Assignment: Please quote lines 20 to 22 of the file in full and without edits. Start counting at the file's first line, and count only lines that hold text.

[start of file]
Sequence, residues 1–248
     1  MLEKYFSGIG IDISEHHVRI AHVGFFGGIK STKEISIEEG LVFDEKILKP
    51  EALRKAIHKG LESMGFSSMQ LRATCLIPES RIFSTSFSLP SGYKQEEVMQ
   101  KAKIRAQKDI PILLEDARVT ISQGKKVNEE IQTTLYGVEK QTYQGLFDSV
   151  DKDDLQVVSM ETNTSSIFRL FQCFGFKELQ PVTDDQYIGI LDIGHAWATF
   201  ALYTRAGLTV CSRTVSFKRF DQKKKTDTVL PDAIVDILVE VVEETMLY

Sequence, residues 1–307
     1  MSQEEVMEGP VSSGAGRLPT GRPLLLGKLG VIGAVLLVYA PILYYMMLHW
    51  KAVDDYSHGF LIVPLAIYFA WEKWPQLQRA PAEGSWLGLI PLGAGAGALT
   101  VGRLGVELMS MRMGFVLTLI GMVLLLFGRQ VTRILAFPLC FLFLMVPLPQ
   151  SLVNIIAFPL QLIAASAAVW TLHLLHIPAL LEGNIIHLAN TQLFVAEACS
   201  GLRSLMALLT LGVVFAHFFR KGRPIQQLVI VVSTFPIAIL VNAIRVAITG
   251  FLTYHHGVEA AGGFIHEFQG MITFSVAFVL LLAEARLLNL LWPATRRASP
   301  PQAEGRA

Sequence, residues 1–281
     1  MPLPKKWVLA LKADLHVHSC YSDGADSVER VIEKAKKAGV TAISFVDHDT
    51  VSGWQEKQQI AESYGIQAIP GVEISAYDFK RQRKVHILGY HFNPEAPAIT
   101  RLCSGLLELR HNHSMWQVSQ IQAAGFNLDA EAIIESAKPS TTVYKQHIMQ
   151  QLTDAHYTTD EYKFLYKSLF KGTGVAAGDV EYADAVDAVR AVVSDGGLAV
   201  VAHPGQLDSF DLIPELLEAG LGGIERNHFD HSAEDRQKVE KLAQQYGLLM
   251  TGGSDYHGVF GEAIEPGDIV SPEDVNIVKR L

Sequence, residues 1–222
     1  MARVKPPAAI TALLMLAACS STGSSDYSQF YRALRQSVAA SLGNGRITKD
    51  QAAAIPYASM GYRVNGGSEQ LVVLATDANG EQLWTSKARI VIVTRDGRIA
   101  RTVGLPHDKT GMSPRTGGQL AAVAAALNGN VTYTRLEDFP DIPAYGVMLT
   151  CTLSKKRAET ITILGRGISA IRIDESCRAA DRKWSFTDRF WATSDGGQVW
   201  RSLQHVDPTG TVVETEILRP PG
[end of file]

   201  VAHPGQLDSF DLIPELLEAG LGGIERNHFD HSAEDRQKVE KLAQQYGLLM
   251  TGGSDYHGVF GEAIEPGDIV SPEDVNIVKR L

Sequence, residues 1–222